When the moderator asked the panel who's doing social media well, he got an answer from Target's Kleckner that drew laughs, considering the makeup of the panel: "Circuit City." I assumed that to mean a social initiative of theirs for consumers, which I wasn't aware of, as opposed to the successful internal effort we'd just heard about from their rival Best Buy. "We don't really have a corporate voice doing that (referring to Circuit City's effort)," Target's interactive marketer said, obviously with a tinge of envy. [I found it interesting that Circuit City had gotten the jump on Best Buy in this manner, since that also happened in 1999 when CC's full e-commerce site beat Best Buy to market by 10 months. But I was to find out later that Best Buy isn't too far behind this time. I guess Number Twos have to try harder—and in this case, CC is a very distant Number Two.] Fingerhut's Smith said his take is that "the companies doing well in social media are those that are responsive." General Mills' Cuene said "it's a huge challenge for us both in how we respond, and in what we say. We've been built for one message, one campaign. We're not well set up for this."
Best Buy's Koelling is not aware of many companies doing social media well, but said "to engage socially, you must be useful" and "successful companies are providing people with tools." General Mills' Cuene said a " 'how-can-we-help-you' mentality (akin to a retail salesperson's) needs to be drilled into companies"—and he includes his own. Target's Kleckner says companies need to keep working on "how to translate physical experiences to online experiences."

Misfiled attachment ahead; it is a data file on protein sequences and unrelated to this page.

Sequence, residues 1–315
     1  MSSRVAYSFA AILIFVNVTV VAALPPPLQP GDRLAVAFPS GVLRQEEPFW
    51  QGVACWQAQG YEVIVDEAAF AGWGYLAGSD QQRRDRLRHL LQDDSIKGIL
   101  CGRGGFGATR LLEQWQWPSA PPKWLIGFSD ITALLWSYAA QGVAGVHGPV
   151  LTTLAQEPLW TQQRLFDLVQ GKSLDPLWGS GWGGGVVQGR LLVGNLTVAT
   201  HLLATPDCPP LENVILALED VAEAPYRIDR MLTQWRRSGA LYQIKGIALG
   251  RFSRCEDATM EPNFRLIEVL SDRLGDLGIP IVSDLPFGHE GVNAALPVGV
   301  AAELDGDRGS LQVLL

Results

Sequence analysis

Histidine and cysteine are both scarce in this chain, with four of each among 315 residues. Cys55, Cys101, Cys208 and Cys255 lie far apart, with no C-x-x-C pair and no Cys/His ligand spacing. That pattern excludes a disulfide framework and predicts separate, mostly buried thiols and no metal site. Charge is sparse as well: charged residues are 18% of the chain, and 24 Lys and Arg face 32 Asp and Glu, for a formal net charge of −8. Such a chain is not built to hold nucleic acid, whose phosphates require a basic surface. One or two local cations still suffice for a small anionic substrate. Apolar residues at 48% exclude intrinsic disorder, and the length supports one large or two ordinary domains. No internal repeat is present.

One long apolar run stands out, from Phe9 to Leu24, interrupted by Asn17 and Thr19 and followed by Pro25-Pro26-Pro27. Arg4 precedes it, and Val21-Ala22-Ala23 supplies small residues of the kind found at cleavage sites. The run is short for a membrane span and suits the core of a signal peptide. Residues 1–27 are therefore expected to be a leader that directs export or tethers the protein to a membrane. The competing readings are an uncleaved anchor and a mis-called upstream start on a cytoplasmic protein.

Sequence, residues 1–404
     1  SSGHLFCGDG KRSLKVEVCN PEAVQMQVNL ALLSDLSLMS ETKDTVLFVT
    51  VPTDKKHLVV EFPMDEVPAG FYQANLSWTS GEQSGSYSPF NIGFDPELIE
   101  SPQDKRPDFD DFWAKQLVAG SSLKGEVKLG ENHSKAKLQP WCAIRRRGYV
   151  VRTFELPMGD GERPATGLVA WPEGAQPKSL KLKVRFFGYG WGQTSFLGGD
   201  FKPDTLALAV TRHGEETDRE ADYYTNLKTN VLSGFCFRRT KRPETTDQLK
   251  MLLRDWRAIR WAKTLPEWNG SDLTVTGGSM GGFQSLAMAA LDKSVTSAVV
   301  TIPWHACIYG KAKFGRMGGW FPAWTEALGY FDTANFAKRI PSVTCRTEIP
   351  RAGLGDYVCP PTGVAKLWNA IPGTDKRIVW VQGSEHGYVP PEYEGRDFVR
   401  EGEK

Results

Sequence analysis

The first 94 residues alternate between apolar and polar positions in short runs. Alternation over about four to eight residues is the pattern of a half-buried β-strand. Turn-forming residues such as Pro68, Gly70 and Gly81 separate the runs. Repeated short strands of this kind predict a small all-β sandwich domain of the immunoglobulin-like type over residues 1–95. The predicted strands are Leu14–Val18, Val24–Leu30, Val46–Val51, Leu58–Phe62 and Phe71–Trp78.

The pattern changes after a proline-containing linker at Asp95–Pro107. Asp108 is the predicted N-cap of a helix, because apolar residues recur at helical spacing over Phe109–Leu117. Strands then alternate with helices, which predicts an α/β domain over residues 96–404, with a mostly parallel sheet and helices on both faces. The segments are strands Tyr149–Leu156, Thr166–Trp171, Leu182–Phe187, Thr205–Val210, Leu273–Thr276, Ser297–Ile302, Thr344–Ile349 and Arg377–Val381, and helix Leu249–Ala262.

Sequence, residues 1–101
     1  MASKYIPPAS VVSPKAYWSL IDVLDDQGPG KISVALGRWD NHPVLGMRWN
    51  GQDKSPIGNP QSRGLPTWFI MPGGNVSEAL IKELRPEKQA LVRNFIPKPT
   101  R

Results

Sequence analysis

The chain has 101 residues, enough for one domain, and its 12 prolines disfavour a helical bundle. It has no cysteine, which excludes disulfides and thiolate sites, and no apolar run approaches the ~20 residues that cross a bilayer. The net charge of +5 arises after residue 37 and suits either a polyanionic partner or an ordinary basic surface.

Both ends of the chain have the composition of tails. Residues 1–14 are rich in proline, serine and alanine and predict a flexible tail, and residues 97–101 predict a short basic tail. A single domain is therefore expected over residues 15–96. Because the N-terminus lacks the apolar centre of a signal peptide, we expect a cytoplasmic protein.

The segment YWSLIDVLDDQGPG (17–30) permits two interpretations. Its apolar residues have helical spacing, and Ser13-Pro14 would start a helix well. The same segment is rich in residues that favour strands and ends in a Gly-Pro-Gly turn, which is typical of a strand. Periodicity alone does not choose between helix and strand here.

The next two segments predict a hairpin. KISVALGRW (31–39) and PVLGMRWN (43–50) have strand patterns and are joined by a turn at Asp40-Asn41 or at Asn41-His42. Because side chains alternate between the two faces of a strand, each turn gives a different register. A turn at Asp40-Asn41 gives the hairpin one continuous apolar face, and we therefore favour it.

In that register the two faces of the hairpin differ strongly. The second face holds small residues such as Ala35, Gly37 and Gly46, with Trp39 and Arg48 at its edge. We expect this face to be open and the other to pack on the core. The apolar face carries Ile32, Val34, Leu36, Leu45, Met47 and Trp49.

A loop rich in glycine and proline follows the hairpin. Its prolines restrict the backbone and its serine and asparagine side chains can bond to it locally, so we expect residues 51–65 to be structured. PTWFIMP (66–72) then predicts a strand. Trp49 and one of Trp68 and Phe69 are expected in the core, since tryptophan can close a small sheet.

But it was at this point that things got even more interesting. Best Buy's Koelling was especially eloquent: "We've allowed corporations, for a long time, to be NOT social. Now they have to be able to show up at the party without being boring or dangerous." But he wasn't done yet. "Who's gonna teach us how to do this social stuff? Our agencies? I don't think so—It's going to be the customer." Fingerhut's Smith agreed wholeheartedly, direct marketer that he is: "You have to listen." And it was then that General Mills' Cuene gave us a critical insight into his own company's thinking: "The question we ask internally is this: what does your brand look like when it wants to be social."
Thinking this discussion couldn't get much better, and seeing I already had a ton of notes, I was glad to see I hadn't quite run out of paper. But we weren't done yet—moderator Mike Kraabel of Gage kept pushing, so I flipped my notebook over and looked for more places to scribble: "So how are you measuring this stuff?" he says. "What's the ROI?" Which Koelling jumped right into with this gem: "Social media is so cheap these days, if you can't engage your customer, you're doing something wrong." Fingerhut's Smith cautioned patience: "Online display advertising has been evolving over 10 years, so we need to give this time. We'll see in social media over the next few years how people interact." But General Mills' Cuene had a very specific recommendation for the marketers in the audience (at least, we presume, those in consumer packaged goods: "The social media budget should be under product development. If it's under advertising, it will never ROI out." Best Buy's Koelling added: "Part of me hopes we never see an ROI equation for social media." He related a great story [Shel Israel, are you listening? your tweet about how we we all love stories was so true]—about the little town in Iowa where he was raised. The longtime general store there, a very successful business, never advertised. The owner just knew everybody in town, and what they wanted. "Social media takes us back to a time when people were more normal—when they interacted with each other."